processing events. When processing is complete, we see a Process succeeded
message appear in the Status bar in the lower part of the viewer, as depicted
in Illustration 12.
Illustration 12: Process Succeeded Massage Appears ...
Click the Close
button on the Process Progress viewer to dismiss the viewer.
Click the Close
button on the Process Database dialog to dismiss the dialog.
We are now ready to return to the Dimension Designer
browser to examine the results of our handiwork.
Browse the Newly Discretized Attribute with the Dimension Browser
Click the Browser
tab in the Dimension Designer.
Ensure that Sick
Leave Hours remains selected in the Hierarchy selector atop the Browser tab.
Click the Reconnect
button atop the tab, as shown in Illustration 13.
Illustration 13: Partial Browser View - before Reconnecting
The browser details update, and (assuming the All
Employees level remains expanded in the browser), we see ten groups appear, as
depicted in Illustration 14.
Illustration 14: The Discretized Attribute Members Groups
the groups appear, as expected. Ten groups have been created, based upon the
algorithm selected by the Clusters discretization method.
Browse the Newly Discretized Attribute with the Cube Browser
one step further and examine the results of our selection of the Clusters discretization method
from another practical perspective, that of the cube browser. This will give
us an appreciation for the improvements seen by the information consumers in
querying / analyzing from the affected data.
Within the Solution
Explorer, once again, right-click the Basic cube (expand the Cubes folder as
Click Open on
the context menu that appears, as shown in Illustration 15.
Illustration 15: Opening the Cube via the Cube Designer ...
tabs of the Cube Designer open and we arrive, by default, at the Cube Structure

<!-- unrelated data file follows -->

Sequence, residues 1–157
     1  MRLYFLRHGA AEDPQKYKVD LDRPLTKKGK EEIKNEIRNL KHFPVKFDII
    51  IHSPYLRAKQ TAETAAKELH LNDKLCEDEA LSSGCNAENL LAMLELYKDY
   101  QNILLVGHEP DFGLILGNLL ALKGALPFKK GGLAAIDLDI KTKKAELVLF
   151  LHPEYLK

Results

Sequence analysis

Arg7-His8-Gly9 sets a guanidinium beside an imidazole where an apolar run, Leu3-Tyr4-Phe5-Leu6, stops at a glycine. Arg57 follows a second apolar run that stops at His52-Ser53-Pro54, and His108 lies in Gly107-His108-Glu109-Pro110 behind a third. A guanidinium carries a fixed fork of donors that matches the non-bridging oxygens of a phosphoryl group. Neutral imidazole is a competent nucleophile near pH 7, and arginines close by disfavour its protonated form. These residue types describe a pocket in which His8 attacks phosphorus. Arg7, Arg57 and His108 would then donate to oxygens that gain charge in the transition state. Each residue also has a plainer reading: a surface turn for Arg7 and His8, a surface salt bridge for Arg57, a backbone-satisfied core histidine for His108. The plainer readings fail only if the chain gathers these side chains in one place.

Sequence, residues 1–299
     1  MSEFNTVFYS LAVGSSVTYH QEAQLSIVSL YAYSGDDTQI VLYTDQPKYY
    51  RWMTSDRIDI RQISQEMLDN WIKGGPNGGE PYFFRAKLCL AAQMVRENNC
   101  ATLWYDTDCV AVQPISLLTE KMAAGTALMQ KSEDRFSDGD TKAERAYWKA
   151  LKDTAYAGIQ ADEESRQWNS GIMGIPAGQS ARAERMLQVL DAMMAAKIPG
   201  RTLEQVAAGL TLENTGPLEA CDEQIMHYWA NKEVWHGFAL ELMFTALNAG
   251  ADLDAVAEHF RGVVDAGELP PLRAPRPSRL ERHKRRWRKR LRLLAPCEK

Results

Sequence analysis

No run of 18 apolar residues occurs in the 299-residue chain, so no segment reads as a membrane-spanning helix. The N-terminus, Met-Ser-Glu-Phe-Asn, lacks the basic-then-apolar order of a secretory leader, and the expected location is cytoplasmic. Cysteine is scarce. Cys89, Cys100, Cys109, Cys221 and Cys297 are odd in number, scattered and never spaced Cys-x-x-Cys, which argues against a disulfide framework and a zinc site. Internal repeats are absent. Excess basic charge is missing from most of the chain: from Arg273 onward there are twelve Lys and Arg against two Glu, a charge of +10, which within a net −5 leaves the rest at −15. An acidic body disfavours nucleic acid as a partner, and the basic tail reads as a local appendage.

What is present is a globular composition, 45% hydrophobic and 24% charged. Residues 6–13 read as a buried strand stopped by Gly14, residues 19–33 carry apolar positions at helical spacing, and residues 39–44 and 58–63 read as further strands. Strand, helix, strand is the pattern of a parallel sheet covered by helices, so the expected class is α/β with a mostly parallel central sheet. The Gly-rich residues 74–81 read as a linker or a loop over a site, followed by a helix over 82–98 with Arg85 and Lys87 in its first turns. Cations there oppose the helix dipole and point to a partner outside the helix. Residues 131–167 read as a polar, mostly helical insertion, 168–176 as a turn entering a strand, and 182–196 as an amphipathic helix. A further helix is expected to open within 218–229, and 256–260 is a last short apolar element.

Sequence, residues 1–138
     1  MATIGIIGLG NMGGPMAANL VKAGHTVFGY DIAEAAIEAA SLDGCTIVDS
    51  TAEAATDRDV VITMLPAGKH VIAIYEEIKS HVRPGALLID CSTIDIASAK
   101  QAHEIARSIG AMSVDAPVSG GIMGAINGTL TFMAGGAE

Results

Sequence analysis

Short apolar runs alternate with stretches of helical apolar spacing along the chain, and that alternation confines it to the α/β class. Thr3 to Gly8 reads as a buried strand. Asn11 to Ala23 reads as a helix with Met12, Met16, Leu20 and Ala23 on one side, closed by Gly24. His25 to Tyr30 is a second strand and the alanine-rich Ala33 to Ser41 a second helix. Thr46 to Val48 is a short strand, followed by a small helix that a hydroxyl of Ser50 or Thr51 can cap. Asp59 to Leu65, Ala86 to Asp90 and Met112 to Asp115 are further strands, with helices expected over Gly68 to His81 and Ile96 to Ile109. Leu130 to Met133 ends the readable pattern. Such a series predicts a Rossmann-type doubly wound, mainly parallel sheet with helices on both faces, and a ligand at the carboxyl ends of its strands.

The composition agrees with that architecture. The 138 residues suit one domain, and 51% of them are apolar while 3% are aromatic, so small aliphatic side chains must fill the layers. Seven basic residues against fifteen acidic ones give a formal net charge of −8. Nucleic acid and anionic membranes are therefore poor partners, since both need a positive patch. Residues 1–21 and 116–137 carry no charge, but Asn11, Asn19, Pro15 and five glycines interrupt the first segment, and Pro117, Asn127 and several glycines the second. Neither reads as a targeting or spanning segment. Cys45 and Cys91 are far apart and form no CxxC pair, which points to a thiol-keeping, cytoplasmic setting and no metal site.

Click the Browser
Click the Reconnect
button atop the tab.
In the Metadata
pane, expand the Employee dimension by clicking the + sign to its immediate
newly exposed Organization folder.
the Sick Leave Hours attribute within the expanded Organization folder.
Select Add to
Row Area from the context menu that appears, as depicted in Illustration 16.
Illustration 16: Adding the Sick Leave Hours Attribute to the Browser Row Area ...
all ten Sick Leave Hours buckets appear in the rows of the browser pane.
Click and drag
the Employee Name attribute to the immediate right of the physical column
containing the newly placed Sick Leave Hours buckets (a line will form at the
drop point), juxtaposing the Employee Names on rows to the immediate right of
the Sick Leave Hours, as shown in Illustration 17.
Illustration 16: Juxtaposing the Employee Name alongside the Sick Leave Hours in Rows
All ten Sick
Leave Hours buckets continue to appear in the rows of the browser pane with +
sign expand buttons appearing to the immediate left of the bucket labels.
Expand the 68-80
Sick Leave Hours buckets by clicking the + sign to its immediate left of each
The Sick Leave Hours bucket expands, revealing lists of
the employee members whose total Sick Leave Hours place them within the
respective buckets in which they appear, as partially depicted in Illustration 18.
Illustration 18: Select Sick Leave Hours Buckets, Expanded to Show Membership
In what is but one example of how we can use the Sick
Leave Hours buckets, we can see lists of employees that have total Sick Leave
Hours on the books corresponding to each of the ten buckets we have created via
Clusters discretization. We tell our client colleagues that they might use